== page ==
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    Department of Economics Tufts University

    Medford, MA 02155 (617) 627-3560

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    Previous work on social interactions has analyzed the effects of nuclear family,

    peer, school, and neighborhood characteristics. None has previously demonstrated that

    grandparents also alter grandchildrens schooling independently of parents. This paper

    shows that higher years of schooling of grandmothers and grandfathers increase

    respectively college attendance rates for granddaughters and grandsons. These effects do

    not simply result from correlation with unobserved parents characteristics. The paper

    has methodological implications for measuring the size of background effects and for

    policies that change outcomes by altering social interactions. (EconLit: I200)

    2007 by Linda Datcher Loury. All rights reserved. Short sections of text, not to exceed two paragraphs, may be quoted without explicit permission provided that full credit, including notice, is given to the source. Linda Datcher Loury Associate Professor of Economics Department of Economics Tufts University 617-627-3348 email:

    * The author would like to acknowledge helpful comments from Nehemiah Loury, Roberto Fernandez, and Yannis Ioannides.

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    I. Introduction

    Sociologists and economists have long recognized that parents characteristics

    affect childrens schooling. However, none have previously demonstrated that

    grandparents alter grandchildrens schooling independently of parents. Grandparents

    could influence schooling by serving as role models, by sanctioning or encouraging

    particular behaviors, and by introducing individuals to information not available


    This paper shows that grandmothers affect their granddaughters schooling and

    that grandfathers influence their grandsons schooling. Correlation between grandparent

    characteristics and unobserved parent variables does not account for these results. This

    means that the web of social interactions is even more complex than implied by nuclear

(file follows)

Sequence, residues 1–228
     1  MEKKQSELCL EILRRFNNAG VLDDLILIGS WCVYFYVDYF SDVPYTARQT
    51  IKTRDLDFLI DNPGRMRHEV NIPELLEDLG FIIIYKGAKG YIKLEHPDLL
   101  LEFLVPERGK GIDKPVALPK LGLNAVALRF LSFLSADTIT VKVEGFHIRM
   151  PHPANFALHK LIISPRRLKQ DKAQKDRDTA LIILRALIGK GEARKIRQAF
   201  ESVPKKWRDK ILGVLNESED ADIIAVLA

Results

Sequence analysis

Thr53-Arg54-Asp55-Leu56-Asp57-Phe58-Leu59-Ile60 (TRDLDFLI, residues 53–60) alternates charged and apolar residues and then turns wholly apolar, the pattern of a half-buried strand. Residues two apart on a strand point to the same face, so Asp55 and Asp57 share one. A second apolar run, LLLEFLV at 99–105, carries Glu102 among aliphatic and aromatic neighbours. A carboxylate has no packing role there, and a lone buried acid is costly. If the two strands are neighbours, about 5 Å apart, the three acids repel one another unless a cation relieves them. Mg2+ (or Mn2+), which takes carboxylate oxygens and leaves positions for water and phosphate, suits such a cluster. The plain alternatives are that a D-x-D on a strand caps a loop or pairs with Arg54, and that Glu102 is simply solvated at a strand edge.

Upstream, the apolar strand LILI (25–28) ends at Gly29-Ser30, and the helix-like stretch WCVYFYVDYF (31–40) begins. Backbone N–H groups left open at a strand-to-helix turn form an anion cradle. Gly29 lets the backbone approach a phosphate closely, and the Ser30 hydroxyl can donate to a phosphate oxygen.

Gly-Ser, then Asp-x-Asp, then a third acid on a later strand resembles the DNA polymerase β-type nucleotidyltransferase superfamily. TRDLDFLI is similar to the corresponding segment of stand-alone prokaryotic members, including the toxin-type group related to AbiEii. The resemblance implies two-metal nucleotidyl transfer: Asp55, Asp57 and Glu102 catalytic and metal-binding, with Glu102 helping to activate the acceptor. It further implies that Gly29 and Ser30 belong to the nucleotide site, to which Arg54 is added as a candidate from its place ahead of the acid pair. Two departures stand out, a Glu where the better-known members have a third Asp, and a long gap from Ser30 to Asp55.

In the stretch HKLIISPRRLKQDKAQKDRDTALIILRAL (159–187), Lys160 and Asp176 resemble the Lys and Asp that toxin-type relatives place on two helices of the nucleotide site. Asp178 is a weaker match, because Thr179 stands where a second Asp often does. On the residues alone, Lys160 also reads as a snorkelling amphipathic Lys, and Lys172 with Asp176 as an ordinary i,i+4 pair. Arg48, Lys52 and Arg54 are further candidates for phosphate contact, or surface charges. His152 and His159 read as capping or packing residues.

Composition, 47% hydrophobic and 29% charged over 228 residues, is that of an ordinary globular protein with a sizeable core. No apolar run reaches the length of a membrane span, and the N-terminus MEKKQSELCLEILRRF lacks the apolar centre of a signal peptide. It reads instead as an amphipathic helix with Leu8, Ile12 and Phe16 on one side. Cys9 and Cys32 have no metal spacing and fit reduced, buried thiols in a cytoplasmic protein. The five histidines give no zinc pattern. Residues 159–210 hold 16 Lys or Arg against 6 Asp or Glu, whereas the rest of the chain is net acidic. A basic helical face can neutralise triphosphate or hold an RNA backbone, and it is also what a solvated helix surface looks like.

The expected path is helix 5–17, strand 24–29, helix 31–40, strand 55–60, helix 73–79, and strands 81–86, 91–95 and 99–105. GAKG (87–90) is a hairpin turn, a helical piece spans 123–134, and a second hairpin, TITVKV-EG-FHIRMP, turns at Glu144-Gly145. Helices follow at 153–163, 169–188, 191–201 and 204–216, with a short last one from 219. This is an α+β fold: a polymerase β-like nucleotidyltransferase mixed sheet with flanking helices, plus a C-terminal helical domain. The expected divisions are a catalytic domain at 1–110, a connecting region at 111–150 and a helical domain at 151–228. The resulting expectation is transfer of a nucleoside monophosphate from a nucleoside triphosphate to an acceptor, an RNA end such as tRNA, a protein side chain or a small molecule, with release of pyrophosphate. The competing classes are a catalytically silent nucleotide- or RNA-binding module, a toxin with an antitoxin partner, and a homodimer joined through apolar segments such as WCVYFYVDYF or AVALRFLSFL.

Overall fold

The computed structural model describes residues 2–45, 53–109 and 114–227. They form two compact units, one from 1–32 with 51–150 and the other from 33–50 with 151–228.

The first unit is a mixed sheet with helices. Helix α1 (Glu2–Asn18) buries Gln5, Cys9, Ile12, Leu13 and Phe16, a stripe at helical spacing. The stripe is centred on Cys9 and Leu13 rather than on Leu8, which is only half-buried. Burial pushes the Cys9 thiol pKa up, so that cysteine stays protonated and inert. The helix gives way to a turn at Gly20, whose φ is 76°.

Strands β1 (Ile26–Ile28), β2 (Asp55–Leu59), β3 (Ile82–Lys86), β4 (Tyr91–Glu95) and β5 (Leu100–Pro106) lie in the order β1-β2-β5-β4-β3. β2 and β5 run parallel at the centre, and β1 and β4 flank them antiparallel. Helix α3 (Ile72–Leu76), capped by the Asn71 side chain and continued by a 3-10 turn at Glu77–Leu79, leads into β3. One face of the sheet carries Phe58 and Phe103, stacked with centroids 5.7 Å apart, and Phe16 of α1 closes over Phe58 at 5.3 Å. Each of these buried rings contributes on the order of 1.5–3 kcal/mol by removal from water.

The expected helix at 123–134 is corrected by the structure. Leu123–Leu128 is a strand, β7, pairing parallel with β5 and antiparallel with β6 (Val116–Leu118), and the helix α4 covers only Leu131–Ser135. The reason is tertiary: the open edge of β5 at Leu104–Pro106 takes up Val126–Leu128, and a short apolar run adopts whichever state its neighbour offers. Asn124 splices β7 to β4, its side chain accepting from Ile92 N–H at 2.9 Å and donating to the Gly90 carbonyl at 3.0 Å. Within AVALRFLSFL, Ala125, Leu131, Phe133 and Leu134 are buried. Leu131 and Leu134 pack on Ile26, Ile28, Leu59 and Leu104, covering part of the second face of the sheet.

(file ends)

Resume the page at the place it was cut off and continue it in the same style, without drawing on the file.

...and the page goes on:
family, peer, school, and neighborhood relationships.

    II. Literature Review

    Becker (1986) shows that, even without a direct connection, higher grandparents

    schooling is associated with higher grandchildrens educational attainment. According to

    his model, parents maximize utility which is a function of their own consumption and the

    utility of their children. Adult earnings are determined by human capital (e.g. schooling)

    and market luck, schooling depends on parents investments and childrens endowments

    (Et), and childrens endowments, in turn, depend only on parents endowment (Et-l) and

    random error (vt)

    (1) Et = t+h1Et-l + vt.

    If capital markets are imperfect and parents invest optimally, childrens schooling is

    given by:

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    (2) Ht= *( Et, Ht-1 + t-1) or its linear approximation

    (3) Ht=EEt+ H (Ht-1 + t-1)

    where Ht-1 is parents education1, t-1 consists of parents market luck and other

    determinants of parents income, and Ht-1 + t-1 equals parents income,.

    Substituting for Et (using equation (1)) and then for Et-1 using the version of

    equation (3) for the parents generation, equation (3) can be rewritten as:

    (4) Ht =ct + (H+h1)Ht-1 Hh1 Ht-2 + Ht-1 + t.

    The coefficient of parents education is biased upwards by h1, the relationship between

    endowments across generations of parents and children. On the other hand, holding

    parents education constant, higher grandparents schooling implies lower parents

    endowments. Lower parents endowments, in turn, reduce grandchildrens schooling.

    The negative effect of grandparents schooling (-h1), therefore, results solely from its

    correlation with parents endowment.

    Even if this model is accurate, analysts (e.g. Behrman and Taubman, 1985) may

    not actually estimate negative coefficients for grandparents schooling. Grandparents

    schooling may be correlated with left-out determinants of parents income (t-1). In this

    case, grandparents schooling appears to raise grandchildrens education only because

    grandparents schooling is associated with higher parents financial or other resources.

    This paper determines whether grandparents schooling increases grandchildrens

    schooling independent of parents endowments, income, or other characteristics. Such an

    effect would follow if childrens endowments depend both on parents endowment (Et-l)

    and grandparents endowments (Et-2):

    (5) Et = t+h1Et-l +h2Et-2 + vt.